It was a lovely party, and a rarefied occasion: Aunt Tillie’s 95th birthday. Tillie, my husband’s great-aunt, is petite, with a perfect coif, thick-lens glasses and a sunny nature that warmed me the moment I met her. Just before Alan and I got married, she invited us to her 90th birthday, making her among the first of my prospective in-laws to deeply impress me as family. Of course, Tillie is Jewish and my people are black, Creole émigrés from the recently stricken middle and lower wards in New Orleans, and this gathering — a luncheon at the Brentwood Country Club — was more elaborate than I’m used to. After five years, I’m still adjusting to the dynamics of my expanded family, and that dynamic is sometimes complicated by racial and cultural differences that require a constant negotiation of expectations: How much should they know about me and my worldview? How much is too much? Who has the greater burden of knowledge and empathy, and when? Fortunately for me, the abstracts haven’t mattered nearly as much as the reality that I get along very well with the Kaplans, et al. I’ve been told I’m the best thing to have ever happened to Alan. I am included in everything and invited everywhere, which is why I was at the country club today, standing in a receiving line to wish Tillie mazel tov. I have no illusions about assimilating completely, and don’t want to. The fact that I like many of my in-laws at least as much as I like friends, co-workers and some fellow Aubrys is plenty.A singer-keyboardist who performed a bit of everything — jazz standards, ballads, swing, show tunes, ditties in Yiddish or Russian — was hired for the occasion. He did several versions of the song Tillie sang to family members when they were small enough to sit on her knee, “You Are My Sunshine.” He was easygoing, like a lounge singer, but clearly accomplished. I caught his eye more than once and clapped appreciatively after each number. I used to sing in a band and know the kind of passion it takes to perform for a living, especially at a luncheon like this where people are murmuring or clinking silverware as often as they’re listening to the music. Spry Aunt Tillie got up on the dance floor for an especially soulful rendition of “You Are My Sunshine”; after the food and the testimonials, the party had reached a high point, a glow, and settled there. The singer, loosening up on the mike with more impressive high notes and more patter, sang a line about the blues or the South. Then he ad-libbed the next: “That’s where all the schwarze come from!” I thought I’d heard wrong. I stopped dancing. I saw my mother-in-law’s face darkening with fury. Alan was staring openly at the singer, as disbelieving as me. I took my seat because I didn’t know quite what else to do. I know I should have been as enraged as my husband and mother-in-law. Intellectually, I was: I had encountered this sort of thing before, many times. In grade school I was called “nigger” and refused entry to a white person’s house, and in graduate school I was accused by a white professor of plagiarizing a term paper he insisted that I hadn’t written because it was too coherent for the ill-spoken likes of me. But emotionally I was stunned, knocked off base. I felt like Sissy Spacek in the movie Carrie, the trusting girl who wears her best dress to the prom and then, after getting horribly spattered with pig’s blood, is laughed at by everybody in the room. Here, everybody saw the spatter, but remained silent. They’d heard the remark and had chosen to say nothing, either embarrassed or convinced it was no big deal. Or they’d heard it and thought it was funny. Or they hadn’t heard it at all. I was suddenly negotiating again, frantically — what had they heard, and what did they think about what they had heard, and what should I reasonably expect them to do? Now Alan was talking in low, urgent tones to the singer, but no one was showing the faintest bit of interest or curiosity; they had gone back to their tables and cake plates, back to the comfortable and comforting groove of the party. I was disheartened, more disheartened than I had been by past confrontations with racism. Painful as those had been, the perpetrators — the girl who wouldn’t let me in her house, the haughty professor — were strangers. These folks were family, or at the very least people who knew I was Alan’s wife, a Kaplan. Yet in this awfully suspended moment I wasn’t a Kaplan at all, but a schwarze; the overwhelming silence and/or sloughing off of the word confirmed it. The benign cover was off and the truth was out. I could imagine my relatives reasoning that, of course, what the singer said was inappropriate, that such sentiment was probably pervasive, but certainly none of it applied to me. That’s a neat, neo-liberal rationale that gets whites off the hook from actually having to confront their racism by claiming two opposing views of it — that it is isolated acts committed by a few thoughtless people, and that it is a pattern and practice so embedded in modern life we only see, or hear, clear examples of it now and then. But both views warrant some kind of response, and in the aftermath of a visible racial incident there was virtually none. The message was clear: that this problem, however egregious everyone might agree it was, was mine to deal with. One of the most pernicious effects of racism is isolation, which we tend to think of as geographic — ghettos and shtetls struggling in the shadow of shining cities on hills. But those degrees of separation are also right in the middle of crowded rooms, among presumed comrades, and they are no less acute. Sitting at the table with disappointment smoldering under a fixed smile, I felt entirely alone. Hardly an unfamiliar feeling, but not one I expected to have here, now. Such is the eternal optimism of black folk: Against all evidence and media images to the contrary, we like to believe that we belong, and we’re always surprised on some level to find out that we don’t. I ate the birthday cake, but didn’t really taste it.The episode wasn’t over. After the exchange with my husband, the singer immediately came over to me, looking genuinely chagrined and embarrassed. He apologized profusely, said that it was the stupidest thing he’d ever said, that the remark just kind of came out because it had once been so prevalent and nobody thought about it (which of course is the real foundation of racism). He’d worked six years with Sammy Davis Jr., for God’s sake. I nodded and said little in return, maintaining that fixed little smile that I’m sure he took as tacit forgiveness. I didn’t really forgive him, though he was the least of it — I didn’t forgive the whole room. I thought briefly about demanding that the singer make that apology on the mike, to everyone; after all, he’d said it to everyone. It had potentially insulted us all. But in my heart I didn’t believe that; nor did I believe that the singer would have said anything at all if my Jewish husband hadn’t thrown down a gauntlet with this guy, if he hadn’t felt the heat of consequence from one of his own. I am hardly proud to admit this, but I kept quiet partly because I didn’t want to sully the party and the good mood. Sure, I didn’t want to upset Aunt Tillie, but neither did I want to make racial waves, to have everyone re-evaluate me and conclude that I’m not so exceptional or admirable after all, but merely another one of those hyper-conscious Negroes. I was accommodating when I should have been assertive, an impulse that’s also part of racism’s legacy of not — not saying, not doing, not sitting in the front of the bus, not breaking the stultifying peace imposed by those privileged enough to always have the choice of addressing race however they wish, which in our current age of denial often means not addressing it at all. It’s left up to those of us who actually live race to figure it out, to repeatedly put it in a context that the rest of the world is hell-bent on not seeing. It’s enough to make you crazy, or make you think you are. And, whites are always assumed to be more rational about race simply because they’re white. Bill Bennett, the former Education Secretary, drug czar and self-appointed morality sheriff, posited recently on his radio show that aborting black babies would lower the crime rate — a totally un-provable statement that he nonetheless said he knew to be true. Here was ancient racial paranoia and moral indecency dressed up as logic, though the most distressing thing was not the comment, but the relatively tepid response to it: Everybody heard and few people spoke out, save predictable outfits like the NAACP. It makes me wonder where, exactly, the threshold of racism lies these days — what has to happen in order for reasonable people to agree that it exists and that something must be done? A rash of lynchings? A repeal of the 14th Amendment? Being called a schwarze obviously doesn’t meet the standard. But in this post-post-slavery, post–civil rights age of presumed enlightenment, it should. By party’s end, my bewilderment had officially become a slow burn, but I said nothing else, except goodbye to Tillie and her brood with as much affection as I had said hello. I set the unforgiving aside and will pick it up, I’m sure, at a later time. Though I know there are never any good times for this, no ripe moments — just overripe — and I know I’m going to have to intrude on some future party to really air my grievance about this last one. I’ll probably get some strained looks and assorted intimations that I should have kept my mouth shut. But really, if you can’t fight with your own family, who can you fight with?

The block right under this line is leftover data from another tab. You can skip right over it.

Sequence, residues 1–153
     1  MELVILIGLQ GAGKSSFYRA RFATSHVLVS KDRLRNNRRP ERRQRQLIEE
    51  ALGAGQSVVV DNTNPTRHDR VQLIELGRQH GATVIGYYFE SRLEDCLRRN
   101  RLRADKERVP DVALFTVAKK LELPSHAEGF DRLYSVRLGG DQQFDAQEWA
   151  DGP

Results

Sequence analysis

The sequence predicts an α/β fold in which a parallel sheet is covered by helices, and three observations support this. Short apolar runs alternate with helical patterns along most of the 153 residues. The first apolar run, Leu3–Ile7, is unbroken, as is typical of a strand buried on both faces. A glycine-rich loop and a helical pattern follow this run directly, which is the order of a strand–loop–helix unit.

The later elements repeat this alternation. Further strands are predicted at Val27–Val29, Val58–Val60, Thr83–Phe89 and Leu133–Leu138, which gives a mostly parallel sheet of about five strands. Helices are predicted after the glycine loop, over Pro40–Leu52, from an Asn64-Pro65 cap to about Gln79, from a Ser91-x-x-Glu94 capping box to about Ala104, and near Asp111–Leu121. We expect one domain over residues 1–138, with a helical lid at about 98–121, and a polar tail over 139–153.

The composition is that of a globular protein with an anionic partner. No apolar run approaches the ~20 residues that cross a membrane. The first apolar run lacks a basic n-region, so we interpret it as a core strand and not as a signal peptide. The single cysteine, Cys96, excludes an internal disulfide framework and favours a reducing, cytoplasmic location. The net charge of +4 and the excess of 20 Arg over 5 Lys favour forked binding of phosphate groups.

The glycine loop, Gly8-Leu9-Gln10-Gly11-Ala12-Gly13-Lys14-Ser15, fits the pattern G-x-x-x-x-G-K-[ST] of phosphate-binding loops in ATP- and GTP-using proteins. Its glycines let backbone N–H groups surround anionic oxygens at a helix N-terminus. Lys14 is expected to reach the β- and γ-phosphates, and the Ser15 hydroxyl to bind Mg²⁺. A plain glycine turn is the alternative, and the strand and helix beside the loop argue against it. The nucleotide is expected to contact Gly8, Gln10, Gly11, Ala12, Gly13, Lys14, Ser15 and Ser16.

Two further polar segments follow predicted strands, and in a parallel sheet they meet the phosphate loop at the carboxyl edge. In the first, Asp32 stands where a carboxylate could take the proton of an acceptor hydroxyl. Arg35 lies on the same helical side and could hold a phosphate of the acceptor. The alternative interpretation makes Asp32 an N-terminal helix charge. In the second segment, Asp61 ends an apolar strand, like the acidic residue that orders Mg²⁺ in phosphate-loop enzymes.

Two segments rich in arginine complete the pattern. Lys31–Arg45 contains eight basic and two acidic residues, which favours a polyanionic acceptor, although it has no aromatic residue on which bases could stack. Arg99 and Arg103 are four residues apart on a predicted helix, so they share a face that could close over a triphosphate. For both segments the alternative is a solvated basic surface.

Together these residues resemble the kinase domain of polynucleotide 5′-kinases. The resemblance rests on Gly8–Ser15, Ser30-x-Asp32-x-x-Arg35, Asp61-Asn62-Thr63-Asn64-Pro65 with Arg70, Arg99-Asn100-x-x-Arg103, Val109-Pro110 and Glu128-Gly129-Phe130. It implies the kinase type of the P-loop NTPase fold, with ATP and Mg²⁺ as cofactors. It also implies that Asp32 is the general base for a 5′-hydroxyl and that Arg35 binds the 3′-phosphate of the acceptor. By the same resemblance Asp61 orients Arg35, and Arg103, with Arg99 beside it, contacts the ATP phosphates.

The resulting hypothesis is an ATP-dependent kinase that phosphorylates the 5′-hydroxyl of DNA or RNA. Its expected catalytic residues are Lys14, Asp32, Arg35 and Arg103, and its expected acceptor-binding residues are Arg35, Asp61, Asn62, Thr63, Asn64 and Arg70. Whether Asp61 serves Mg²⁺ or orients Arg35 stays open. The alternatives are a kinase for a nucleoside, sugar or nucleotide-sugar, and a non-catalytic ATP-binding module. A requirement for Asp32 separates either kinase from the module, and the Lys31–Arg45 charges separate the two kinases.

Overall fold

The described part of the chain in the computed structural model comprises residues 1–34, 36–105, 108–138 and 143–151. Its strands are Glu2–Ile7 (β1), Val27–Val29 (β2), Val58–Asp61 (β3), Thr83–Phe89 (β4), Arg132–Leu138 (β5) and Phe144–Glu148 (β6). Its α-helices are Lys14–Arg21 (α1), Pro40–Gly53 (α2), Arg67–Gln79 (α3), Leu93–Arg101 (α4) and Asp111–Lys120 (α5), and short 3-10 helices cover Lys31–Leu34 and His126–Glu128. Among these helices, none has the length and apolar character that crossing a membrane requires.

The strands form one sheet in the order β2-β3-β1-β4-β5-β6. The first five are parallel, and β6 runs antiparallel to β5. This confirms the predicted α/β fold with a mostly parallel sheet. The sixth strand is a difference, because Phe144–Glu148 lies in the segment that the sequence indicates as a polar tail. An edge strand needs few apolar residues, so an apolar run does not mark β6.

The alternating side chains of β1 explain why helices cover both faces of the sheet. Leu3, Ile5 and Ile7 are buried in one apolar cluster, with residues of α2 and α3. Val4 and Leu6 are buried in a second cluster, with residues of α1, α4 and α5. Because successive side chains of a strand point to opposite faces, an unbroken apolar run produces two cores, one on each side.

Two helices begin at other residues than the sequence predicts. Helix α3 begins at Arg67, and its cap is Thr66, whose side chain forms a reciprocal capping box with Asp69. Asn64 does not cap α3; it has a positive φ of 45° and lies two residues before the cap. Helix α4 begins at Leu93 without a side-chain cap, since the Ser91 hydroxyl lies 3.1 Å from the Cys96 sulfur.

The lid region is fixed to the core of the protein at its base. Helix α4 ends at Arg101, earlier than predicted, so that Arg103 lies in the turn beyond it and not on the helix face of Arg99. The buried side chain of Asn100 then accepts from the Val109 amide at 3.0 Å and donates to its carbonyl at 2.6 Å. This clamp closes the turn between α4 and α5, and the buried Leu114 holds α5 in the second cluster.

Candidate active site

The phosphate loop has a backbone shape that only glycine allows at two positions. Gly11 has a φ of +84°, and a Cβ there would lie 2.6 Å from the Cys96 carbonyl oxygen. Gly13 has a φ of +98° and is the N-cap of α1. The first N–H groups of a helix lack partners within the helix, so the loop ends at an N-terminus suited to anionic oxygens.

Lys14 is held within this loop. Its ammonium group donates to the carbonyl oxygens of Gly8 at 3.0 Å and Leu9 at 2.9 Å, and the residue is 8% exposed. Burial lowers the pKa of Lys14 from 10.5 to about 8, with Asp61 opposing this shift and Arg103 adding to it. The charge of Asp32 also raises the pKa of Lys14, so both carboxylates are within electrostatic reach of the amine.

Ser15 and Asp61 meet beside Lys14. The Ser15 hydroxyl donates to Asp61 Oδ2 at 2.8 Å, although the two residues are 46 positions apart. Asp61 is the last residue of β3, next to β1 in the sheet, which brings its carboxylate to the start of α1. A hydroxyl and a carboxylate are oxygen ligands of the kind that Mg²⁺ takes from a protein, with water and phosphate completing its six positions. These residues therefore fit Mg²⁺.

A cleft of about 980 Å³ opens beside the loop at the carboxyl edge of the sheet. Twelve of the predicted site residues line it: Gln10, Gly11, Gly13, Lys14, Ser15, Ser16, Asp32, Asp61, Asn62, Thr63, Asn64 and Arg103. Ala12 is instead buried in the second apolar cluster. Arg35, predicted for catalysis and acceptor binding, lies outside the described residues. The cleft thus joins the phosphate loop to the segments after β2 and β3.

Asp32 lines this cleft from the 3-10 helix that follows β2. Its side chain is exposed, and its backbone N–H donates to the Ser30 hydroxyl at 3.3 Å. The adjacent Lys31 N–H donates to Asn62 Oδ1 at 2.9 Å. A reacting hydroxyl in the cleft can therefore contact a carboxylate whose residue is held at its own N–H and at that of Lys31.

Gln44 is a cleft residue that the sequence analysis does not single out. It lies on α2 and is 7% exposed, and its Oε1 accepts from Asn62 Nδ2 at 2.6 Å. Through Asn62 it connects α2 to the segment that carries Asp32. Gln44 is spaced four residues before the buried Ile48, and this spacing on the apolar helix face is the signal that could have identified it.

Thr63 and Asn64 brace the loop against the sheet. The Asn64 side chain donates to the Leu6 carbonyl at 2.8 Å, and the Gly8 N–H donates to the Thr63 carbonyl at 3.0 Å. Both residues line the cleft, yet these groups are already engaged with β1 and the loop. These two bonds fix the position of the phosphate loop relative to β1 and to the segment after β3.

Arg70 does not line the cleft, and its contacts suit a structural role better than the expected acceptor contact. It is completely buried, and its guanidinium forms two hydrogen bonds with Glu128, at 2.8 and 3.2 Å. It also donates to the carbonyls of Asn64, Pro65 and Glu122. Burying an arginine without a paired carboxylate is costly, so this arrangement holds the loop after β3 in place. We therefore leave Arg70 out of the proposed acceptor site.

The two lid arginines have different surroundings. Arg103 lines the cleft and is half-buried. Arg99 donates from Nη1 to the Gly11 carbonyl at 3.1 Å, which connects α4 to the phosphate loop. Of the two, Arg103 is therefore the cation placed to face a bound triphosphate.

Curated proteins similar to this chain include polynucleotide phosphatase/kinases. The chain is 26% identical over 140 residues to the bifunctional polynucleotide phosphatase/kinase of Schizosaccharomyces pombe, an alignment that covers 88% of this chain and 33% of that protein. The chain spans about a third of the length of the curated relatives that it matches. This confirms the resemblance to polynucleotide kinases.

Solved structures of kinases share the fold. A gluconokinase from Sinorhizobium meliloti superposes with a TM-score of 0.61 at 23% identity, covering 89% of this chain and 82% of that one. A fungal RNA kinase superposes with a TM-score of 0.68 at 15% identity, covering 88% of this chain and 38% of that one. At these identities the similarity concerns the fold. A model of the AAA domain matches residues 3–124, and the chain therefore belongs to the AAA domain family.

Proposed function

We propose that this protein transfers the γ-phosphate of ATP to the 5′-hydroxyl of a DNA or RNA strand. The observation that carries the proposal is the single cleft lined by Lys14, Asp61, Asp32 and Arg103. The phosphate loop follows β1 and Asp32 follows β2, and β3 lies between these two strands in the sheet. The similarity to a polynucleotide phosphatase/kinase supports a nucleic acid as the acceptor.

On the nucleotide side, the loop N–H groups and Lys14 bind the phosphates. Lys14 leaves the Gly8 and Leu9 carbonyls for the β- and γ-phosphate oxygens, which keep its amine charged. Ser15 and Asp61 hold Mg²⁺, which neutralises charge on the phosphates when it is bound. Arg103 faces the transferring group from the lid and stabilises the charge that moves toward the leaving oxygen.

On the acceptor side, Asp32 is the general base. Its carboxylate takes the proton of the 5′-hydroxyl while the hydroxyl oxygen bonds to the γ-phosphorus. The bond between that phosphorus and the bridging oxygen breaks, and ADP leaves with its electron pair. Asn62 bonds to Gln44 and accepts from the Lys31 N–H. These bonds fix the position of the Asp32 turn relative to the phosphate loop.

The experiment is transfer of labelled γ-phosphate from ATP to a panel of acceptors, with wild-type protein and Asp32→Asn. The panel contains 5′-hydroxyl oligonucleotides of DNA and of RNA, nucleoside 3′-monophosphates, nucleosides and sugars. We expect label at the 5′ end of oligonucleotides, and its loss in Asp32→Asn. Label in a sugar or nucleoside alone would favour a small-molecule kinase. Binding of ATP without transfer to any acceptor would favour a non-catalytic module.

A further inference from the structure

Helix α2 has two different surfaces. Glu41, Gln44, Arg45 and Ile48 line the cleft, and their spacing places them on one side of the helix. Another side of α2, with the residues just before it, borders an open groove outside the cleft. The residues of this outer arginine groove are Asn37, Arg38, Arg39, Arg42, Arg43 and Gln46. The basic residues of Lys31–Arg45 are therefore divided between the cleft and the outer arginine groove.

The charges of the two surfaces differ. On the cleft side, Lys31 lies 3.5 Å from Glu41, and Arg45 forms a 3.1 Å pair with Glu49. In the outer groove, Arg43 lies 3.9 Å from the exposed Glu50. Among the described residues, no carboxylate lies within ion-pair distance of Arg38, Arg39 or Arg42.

LA Weekly